ND: What opportunities are there in the transport and road sectors?

FM: The ministry is always prepared to partner with private players in infrastructural development. Projects like the Mbudzi Interchange, the upgrading and modernisation of Beitbridge Border Post and expansion of Robert Gabriel Mugabe International Airport are testament to government’s mantra that Zimbabwe is open for business.

For the transport sector, there are plenty of opportunities for private players to partner government in projects such road construction, rehabilitation and expansion of airports, rehabilitation of rail infrastructure and the rehabilitation of the country’s border posts.

ND: How has the sector contributed to the economy?

FM: Transport is essential to the efficiency of an economy, bringing together the inputs used in the production of goods and services and getting output from the production process to customers.

Very few economic activities can take place without the transportation factor and the mobility it provides. Infrastructural development is also a catalyst for economic development and you will notice that the second republic has invested heavily in infrastructure so as to spur economic growth.

The ministry has been implementing a deliberate policy of utilising local contractors on most of the road projects. This policy has led to the capacitation of local contractors, thus increasing competitiveness in the construction sector. The aviation sector has also grown significantly despite the debilitating effects of the COVID-19 pandemic.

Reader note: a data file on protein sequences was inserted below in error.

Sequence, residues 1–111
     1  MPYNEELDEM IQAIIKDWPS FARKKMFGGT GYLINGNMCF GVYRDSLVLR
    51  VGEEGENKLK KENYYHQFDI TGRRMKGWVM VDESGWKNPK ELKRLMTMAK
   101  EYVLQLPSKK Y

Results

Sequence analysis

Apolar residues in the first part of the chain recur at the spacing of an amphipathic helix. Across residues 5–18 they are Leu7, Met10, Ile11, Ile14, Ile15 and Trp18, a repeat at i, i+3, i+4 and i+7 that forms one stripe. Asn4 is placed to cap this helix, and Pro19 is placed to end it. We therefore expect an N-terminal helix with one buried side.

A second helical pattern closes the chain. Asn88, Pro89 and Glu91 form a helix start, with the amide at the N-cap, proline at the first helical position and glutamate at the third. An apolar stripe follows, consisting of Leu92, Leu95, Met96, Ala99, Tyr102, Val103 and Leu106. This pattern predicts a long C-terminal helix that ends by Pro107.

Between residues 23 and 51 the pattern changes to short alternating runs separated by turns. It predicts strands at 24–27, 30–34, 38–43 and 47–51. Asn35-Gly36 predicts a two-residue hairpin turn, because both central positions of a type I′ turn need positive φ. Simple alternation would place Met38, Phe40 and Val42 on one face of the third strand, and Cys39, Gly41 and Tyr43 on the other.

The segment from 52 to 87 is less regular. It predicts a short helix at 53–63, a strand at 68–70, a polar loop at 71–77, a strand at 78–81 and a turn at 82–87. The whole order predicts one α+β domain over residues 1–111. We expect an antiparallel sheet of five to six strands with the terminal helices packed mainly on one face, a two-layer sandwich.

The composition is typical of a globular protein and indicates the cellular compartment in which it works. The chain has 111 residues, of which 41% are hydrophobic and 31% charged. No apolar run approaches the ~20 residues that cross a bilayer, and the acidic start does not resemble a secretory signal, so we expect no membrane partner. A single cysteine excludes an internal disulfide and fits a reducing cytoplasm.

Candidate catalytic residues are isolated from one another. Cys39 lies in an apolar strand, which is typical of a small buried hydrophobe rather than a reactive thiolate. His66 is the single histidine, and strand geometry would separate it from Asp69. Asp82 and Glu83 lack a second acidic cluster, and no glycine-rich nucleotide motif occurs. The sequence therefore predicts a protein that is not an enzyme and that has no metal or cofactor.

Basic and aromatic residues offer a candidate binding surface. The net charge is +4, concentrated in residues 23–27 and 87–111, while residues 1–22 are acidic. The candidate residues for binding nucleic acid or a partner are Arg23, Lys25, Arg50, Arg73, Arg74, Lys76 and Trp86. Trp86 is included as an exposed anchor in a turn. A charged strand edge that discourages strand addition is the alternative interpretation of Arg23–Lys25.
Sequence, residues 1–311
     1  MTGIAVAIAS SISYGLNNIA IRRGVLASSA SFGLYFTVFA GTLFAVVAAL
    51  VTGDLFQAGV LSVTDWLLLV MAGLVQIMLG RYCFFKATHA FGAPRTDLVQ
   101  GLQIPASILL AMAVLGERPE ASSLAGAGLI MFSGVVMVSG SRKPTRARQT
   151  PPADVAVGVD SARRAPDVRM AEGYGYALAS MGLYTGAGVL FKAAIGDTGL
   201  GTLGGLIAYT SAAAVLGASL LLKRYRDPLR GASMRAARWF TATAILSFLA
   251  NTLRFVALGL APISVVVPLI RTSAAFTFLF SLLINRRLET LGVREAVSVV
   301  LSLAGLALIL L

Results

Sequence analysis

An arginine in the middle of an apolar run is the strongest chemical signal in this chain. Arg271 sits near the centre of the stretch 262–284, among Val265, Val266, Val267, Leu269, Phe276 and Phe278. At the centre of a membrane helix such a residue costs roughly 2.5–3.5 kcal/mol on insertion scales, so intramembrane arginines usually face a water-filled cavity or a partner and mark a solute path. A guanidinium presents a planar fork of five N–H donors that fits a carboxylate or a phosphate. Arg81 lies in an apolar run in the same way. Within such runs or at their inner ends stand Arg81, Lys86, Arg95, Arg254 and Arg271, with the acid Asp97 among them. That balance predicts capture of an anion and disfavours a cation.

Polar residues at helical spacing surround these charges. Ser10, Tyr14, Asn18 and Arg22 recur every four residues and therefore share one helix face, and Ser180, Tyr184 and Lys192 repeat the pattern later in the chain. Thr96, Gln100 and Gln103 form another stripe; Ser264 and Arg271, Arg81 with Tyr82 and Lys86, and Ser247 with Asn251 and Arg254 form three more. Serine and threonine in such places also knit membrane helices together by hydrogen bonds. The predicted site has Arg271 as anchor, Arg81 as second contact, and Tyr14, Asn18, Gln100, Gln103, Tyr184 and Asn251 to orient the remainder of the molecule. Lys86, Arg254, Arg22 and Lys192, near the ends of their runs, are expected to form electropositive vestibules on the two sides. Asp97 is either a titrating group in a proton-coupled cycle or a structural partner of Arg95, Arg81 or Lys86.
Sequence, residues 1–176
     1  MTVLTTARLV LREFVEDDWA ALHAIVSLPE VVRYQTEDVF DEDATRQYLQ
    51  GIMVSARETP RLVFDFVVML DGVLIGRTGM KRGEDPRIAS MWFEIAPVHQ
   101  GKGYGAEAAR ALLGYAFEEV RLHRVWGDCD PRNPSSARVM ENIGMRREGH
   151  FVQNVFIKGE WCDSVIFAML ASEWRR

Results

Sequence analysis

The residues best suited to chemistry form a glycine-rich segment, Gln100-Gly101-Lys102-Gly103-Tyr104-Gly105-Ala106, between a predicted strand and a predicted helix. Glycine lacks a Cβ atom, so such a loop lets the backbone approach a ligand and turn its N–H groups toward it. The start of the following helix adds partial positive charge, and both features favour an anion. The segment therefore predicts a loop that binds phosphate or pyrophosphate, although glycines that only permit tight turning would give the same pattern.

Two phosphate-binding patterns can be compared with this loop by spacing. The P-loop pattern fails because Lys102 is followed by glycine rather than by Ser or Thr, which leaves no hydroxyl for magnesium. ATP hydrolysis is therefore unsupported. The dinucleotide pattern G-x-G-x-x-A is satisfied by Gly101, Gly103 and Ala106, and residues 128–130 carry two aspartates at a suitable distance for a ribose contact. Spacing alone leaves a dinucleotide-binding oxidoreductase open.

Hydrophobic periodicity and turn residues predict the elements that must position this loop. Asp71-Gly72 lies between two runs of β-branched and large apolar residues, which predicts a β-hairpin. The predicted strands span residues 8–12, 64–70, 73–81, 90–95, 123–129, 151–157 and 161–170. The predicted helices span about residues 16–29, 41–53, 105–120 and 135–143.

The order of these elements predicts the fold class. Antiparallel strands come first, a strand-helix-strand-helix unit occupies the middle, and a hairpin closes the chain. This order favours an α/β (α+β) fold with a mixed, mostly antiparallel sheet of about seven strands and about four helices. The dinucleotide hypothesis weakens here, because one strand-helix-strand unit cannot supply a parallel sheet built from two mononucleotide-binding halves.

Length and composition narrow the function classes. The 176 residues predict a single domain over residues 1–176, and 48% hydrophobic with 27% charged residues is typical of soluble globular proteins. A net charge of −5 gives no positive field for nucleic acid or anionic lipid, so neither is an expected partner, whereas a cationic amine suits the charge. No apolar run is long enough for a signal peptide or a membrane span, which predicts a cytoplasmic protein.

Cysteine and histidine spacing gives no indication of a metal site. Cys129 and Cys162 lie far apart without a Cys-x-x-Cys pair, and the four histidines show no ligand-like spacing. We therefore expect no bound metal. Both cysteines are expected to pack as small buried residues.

ND: In some communities, roads are not looking good. How soon can we expect rehabilitation?

FM: The ministry will work hard in ensuring that no one and no place is left behind as is the mantra of His Excellency the President ED Mnangagwa.  The emergency road rehabilitation programme is being implemented in phases and some works will start next year in 2023 just after the rainy season in the communities not yet covered.

ND: How much budgetary support do you have for 2023?

FM: You will notice that the second republic has been deliberately using infrastructural development as a means of driving economic growth. This means ministries responsible for infrastructural projects have been getting bigger purses from Treasury to fund projects.

For the ministry, Treasury is funding huge projects like ERRP2 and the Harare-Masvingo Highway. However, there will always be competing priorities as government also funds important sectors like health and education from the same purse.

It is thus imperative to us as a ministry to utilise our allocation from Treasury efficiently in order to achieve our goals. It is also incumbent upon us a ministry to forge partnerships with the private sector so as to reduce the burden on Treasury.

ND: What can we expect in 2023?

FM: You can expect the ministry to continue to work with the same vigour in ensuring that the state of our roads, rail, airports and inland water infrastructure is continuously improved.

The ministry will work hard in ensuring that major projects such as Harare-Masvingo-Beitbridge Highway, Mbudzi Interchange, ERRP2, Harare-Kanyemba Road and Robert Gabriel Mugabe International Airport expansion are completed.

You can also expect the ministry to embark on new projects such as the modernisation of Chirundu and Forbes border posts.